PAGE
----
After living and teaching on the Southern Oregon Coast for more than 35 years, Mel and Mary Wallace were ready for a new adventure.
The couple fell in love with the historic Stayton House, and in 2005, bought the Third Avenue home. Four years later, they turned it into a thriving business, The Stayton House Antiques and Curiosities.
“We love being the ‘custodians’ of this beautifully restored piece of Stayton history and sharing it with our customers,” Mary Wallace said.
During this year’s SummerFest, the Wallaces will host a Vintage Fashion Show at 11 a.m. on Saturday, July 30 to support another historic Stayton structure, the Charles and Martha Brown House on the corner of First Avenue and High Street.
A full day of activities
Saturday, July 30,
9 a.m. to 4 p.m.
& Pioneer Park
Highlights include a car show and
firefighters breakfast at Pioneer Park,
activities downtown including a parade,
dog show, live music, bed races,
quilt show, 3-0n-3 basketball tournament,
Kids Zone and more than 100 business,
craft and food booths along Third Avenue.
For information, call the Chamber at
Renovations for the Brown House continued when more than a dozen orange-shirt-clad volunteers participated in the 2011 Oregon State University Day of Community Service, sprucing up inside and outside the historic Queen Anne structure on May 21.
Volunteers either wielded rakes, shovels and brooms to weed, mulch and fill trenches or scrapers and elbow grease to strip layers of well-worn wallpaper from the front hall and parlor.
“We have a lot more to do, especially on the inside,” said Carol Zolkoske, a Santiam Historic Society member who provided lunch for the workers.
Zolkoske commends the efforts of people who have put in hours of sweat equity to save the 1903 home, just south of the Stayton Public Library. Donations such as the Wallaces, she said, are key to its renovation.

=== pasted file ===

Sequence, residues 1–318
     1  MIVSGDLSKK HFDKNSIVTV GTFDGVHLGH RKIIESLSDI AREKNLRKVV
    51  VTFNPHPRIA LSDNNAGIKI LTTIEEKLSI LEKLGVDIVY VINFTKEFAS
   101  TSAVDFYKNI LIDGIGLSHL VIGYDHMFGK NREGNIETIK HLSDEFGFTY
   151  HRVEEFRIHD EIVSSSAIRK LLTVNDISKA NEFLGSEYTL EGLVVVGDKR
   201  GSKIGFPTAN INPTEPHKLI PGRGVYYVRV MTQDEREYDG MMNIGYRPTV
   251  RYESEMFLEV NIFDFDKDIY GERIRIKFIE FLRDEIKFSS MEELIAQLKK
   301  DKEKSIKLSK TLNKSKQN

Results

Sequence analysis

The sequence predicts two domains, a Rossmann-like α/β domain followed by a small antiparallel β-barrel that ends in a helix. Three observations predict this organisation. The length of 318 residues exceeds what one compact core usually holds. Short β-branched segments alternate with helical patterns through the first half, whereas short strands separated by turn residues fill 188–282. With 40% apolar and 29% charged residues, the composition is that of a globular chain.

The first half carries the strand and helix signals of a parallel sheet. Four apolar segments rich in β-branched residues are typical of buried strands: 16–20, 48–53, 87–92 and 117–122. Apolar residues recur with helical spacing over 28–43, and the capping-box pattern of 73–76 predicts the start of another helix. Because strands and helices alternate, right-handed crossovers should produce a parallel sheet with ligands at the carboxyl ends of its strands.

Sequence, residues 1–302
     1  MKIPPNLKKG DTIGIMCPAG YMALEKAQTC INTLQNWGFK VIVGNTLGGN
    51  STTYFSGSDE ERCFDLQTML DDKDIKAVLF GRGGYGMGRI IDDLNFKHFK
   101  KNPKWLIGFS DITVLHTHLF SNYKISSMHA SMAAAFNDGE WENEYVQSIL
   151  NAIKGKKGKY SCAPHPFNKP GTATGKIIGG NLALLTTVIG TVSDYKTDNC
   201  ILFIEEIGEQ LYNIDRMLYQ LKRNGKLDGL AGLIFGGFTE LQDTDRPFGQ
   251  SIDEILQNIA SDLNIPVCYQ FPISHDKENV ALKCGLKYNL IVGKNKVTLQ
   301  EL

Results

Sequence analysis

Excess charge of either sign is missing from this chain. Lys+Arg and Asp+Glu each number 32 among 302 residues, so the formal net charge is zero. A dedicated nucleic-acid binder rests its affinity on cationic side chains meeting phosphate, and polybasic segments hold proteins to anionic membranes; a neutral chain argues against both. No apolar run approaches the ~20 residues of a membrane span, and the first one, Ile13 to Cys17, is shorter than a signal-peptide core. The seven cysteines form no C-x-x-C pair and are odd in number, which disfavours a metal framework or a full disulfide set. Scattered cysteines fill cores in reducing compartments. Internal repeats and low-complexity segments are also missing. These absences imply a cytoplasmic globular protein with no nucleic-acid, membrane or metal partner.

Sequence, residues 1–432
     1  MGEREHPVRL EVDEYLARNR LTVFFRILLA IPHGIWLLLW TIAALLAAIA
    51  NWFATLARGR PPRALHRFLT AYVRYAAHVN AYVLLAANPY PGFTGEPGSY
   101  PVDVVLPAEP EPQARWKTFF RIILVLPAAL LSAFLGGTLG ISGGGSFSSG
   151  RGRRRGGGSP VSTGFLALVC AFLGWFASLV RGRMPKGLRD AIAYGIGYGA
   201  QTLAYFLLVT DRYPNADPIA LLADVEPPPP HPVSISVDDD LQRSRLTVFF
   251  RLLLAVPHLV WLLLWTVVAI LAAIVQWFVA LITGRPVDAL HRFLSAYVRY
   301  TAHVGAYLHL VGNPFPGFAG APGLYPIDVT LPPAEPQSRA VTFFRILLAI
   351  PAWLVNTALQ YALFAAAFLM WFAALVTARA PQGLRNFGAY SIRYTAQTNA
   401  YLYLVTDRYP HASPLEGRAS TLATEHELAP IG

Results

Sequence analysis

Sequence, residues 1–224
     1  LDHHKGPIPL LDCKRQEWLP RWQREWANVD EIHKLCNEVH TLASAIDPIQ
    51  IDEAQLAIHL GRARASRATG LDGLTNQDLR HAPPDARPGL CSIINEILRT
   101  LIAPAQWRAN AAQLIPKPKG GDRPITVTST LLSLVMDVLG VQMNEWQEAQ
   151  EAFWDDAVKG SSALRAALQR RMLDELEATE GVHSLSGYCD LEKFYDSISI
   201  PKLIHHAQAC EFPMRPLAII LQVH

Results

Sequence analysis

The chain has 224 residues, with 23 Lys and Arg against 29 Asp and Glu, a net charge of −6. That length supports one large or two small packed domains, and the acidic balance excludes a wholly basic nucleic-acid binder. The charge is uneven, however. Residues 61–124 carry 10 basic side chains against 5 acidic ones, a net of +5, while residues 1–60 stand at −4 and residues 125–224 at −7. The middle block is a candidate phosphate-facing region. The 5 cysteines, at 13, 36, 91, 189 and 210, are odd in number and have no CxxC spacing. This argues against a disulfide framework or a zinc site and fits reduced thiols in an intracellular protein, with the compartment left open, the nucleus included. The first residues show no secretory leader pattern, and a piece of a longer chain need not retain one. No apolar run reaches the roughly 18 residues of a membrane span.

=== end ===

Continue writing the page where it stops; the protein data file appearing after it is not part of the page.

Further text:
“We chose the Brown House as our beneficiary this year as we would like to see a renewed interest from the public in helping to get the restoration completed,” Mary said.
Admission to the fashion show is $5, with the proceeds going to the Santiam Historical Foundation, benefitting the Brown House. Light refreshments will be served, she added.
“In addition to the fashion show, we will again be having Larry Fast display part of his collection of vintage bicycles on our front lawn,” she said. The bicycles will be on display 9:30 a.m. to 4 p.m. “This is a wonderful opportunity to stroll down memory lane, as many of us recognize the bike we loved as a child.”
Over the years, the Wallaces have gotten much more interested in history, especially as it relates to their home.
The Stayton House was built in 1905 by Charles and Ethel Stayton after her father, A.D. Gardner, gave them the property as a wedding present. The home stayed in the Stayton family for 90 years, until daughter Mary Elizabeth passed away. Dick Jungwirth and George Susbauer were the next owners, remodeling the house into a popular restaurant and bed and breakfast. In 1999, they sold it to Kevin and Ankana Doerfler, who initially turned it into an antique shop, using part of it as their home.
“The Stayton House is 106 years old and since 1995 has been a restaurant, antique shop, real estate office and now an antique shop again,” Mary said. “Our favorite part of owning The Stayton House Antiques and Curiosities is that we meet the most interesting people! We have had visitors from Canada, Peru, South Africa, Germany, Sweden, China, England and over 20 states. We have also enjoyed making friends with our local customers. Often they are people we would never have met if we didn’t have the shop.”
The Vintage Fashion Show idea came about after the Wallaces attended their first SummerFest two years ago. Thinking it could be fun to participate in the activities, they held their first show last year to benefit Friends of the Stayton Pool.
“When a customer came in and told me about a group of ladies who had vintage outfits and went out to lunch each month all dressed up, I thought a Victorian fashion show would be the perfect activity,” Mary said.
The ladies, who call themselves “Parlor Pastimes,” agreed to do the show then and now, she added.
“They choose their own outfits and do their own narration,” she said. “Most people have commented to me that they enjoyed all the historical information that the ladies shared as they described their outfits.”
For information on the Vintage Fashion Show, call Mary Wallace at 503-767-3263.